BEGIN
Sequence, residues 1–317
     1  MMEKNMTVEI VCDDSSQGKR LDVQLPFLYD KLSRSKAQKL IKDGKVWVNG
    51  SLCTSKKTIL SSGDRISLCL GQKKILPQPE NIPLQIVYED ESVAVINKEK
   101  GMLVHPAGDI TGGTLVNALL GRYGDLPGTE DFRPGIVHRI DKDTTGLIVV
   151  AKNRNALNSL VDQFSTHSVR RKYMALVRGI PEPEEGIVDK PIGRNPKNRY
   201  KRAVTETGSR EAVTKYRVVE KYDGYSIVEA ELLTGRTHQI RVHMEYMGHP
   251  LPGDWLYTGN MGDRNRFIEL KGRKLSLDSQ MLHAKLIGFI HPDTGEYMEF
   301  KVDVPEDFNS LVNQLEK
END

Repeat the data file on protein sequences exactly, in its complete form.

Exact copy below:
Sequence, residues 1–317
     1  MMEKNMTVEI VCDDSSQGKR LDVQLPFLYD KLSRSKAQKL IKDGKVWVNG
    51  SLCTSKKTIL SSGDRISLCL GQKKILPQPE NIPLQIVYED ESVAVINKEK
   101  GMLVHPAGDI TGGTLVNALL GRYGDLPGTE DFRPGIVHRI DKDTTGLIVV
   151  AKNRNALNSL VDQFSTHSVR RKYMALVRGI PEPEEGIVDK PIGRNPKNRY
   201  KRAVTETGSR EAVTKYRVVE KYDGYSIVEA ELLTGRTHQI RVHMEYMGHP
   251  LPGDWLYTGN MGDRNRFIEL KGRKLSLDSQ MLHAKLIGFI HPDTGEYMEF
   301  KVDVPEDFNS LVNQLEK